G) The Institute for Social Research and the University of Michigan conducted a survey examining four decades of family attitude trends in the U.S., drawing from five large-scale, nationally representative data sets. They report that for all the change seen in social values and family trends, “there is very little evidence that the commitment of Americans to children, marriage and family life has eroded substantially in the past two decades.”
In fact, “as compared to the 1970s, young Americans in the 1990s were more committed to the importance of a good marriage and family life” and that parenthood is viewed by young people today as more fulfilling than it was three decades ago. Arland Thornton and Linda Young-DeMarco, “Four Decades of Trends in Attitudes Toward Family Issues in the United States: The 1960s Through the 1990s,” Journal of Marriage and Family (2001) 63:1009-1037, p. 1030.
Their article’s conclusion is pointed:
A very important (constant finding) to note is the strong emphasis and commitment given to marriage, children and family life in America today. Both young and old Americans place great emphasis on marriage and children and plan to devote much of their lives to children and spouses. This can be seen in the overwhelming importance that young people place on the significance of a good marriage and family life.
And this importance can be seen in the personal expectations of young people. They continue:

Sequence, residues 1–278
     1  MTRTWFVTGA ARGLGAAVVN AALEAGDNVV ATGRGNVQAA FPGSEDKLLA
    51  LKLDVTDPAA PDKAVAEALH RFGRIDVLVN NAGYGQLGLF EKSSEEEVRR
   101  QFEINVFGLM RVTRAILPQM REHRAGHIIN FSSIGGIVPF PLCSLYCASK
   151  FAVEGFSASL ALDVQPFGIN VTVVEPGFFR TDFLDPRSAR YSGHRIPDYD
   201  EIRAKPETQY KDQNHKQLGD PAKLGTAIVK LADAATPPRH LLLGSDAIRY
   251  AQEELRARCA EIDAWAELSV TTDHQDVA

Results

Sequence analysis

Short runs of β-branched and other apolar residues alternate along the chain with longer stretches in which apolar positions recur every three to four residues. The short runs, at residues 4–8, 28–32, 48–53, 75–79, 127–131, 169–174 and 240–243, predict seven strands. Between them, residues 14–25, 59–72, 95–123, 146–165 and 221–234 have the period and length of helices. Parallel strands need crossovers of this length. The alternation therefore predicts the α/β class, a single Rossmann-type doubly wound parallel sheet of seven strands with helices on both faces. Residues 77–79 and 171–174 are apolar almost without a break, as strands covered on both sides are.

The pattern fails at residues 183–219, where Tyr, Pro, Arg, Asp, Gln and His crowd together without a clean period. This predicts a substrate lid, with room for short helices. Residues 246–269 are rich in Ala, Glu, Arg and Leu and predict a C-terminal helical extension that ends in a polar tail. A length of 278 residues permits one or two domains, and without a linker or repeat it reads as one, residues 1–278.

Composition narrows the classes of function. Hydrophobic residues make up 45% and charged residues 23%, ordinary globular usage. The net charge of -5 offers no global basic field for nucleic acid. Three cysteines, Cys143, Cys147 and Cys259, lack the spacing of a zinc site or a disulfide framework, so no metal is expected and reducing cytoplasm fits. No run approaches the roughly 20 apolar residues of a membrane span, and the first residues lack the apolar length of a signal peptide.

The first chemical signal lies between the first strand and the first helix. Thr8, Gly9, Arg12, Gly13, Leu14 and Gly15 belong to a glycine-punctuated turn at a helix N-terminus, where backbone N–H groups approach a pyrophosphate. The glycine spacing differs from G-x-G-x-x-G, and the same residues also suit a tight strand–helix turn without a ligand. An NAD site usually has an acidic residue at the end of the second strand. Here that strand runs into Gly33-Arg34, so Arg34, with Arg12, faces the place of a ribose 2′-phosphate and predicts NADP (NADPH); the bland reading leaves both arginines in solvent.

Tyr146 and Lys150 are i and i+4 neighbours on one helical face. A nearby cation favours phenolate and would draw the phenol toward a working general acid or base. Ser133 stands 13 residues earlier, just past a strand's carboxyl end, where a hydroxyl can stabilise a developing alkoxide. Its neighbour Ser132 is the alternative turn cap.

The great majority of young people are both planning and expecting marriage. Americans overwhelmingly believe that marriage is a lifetime relationship that should not be terminated except under extreme circumstances. Young people today are also approaching the marriage decision with the expectation that they will stay married to the same person until death intervenes. Only a small fraction of young Americans believe that a good marriage and family life are not important, prefer not to have a mate, believe they will not marry, or believe that it is unlikely that they will stay married to their spouse for a lifetime. [T]he overwhelming majority of young people believe that it is likely that they will want to have children if they get married. Only a modest fraction believe that motherhood and fatherhood are not fulfilling… Thornton and Young-DeMarco, 2001, p. 1030.
The expectation of marrying for young people does differ significantly among racial lines. Asians have the greatest expectation to marry, followed by Whites and Blacks being consistently the lowest. Hispanic youth are just below Whites. Sarah R. Crissey, “Race/Ethnic Differences in the Marital Expectations of Adolescents: The Role of Romantic Relationships,” Journal of Marriage and Family, 67 (2005): 697-709; Scott, et al., 2009, p. 5.
Conclusions for Focus on the Family’s Work
Imagine a consultant coming to analyze our work in relation to the larger market. He would ask a few preliminary questions:
1) What is it that you do? Our mission is to help families thrive.
2) How many people have these families? Pretty much everyone!
3) How deep is their felt need for this? Well, research indicates it is consistently one of their strongest desires.
4) How many key competitors dominate your market? No one really. We know what we do. There is a massive market. The felt need is dramatically deep. The market is nearly competition free.
How would this consultant then appraise our opportunities in the market?
Are we concluding the same thing?
Are we as optimistic as he might be?
Are we seizing the opportunities expressed here?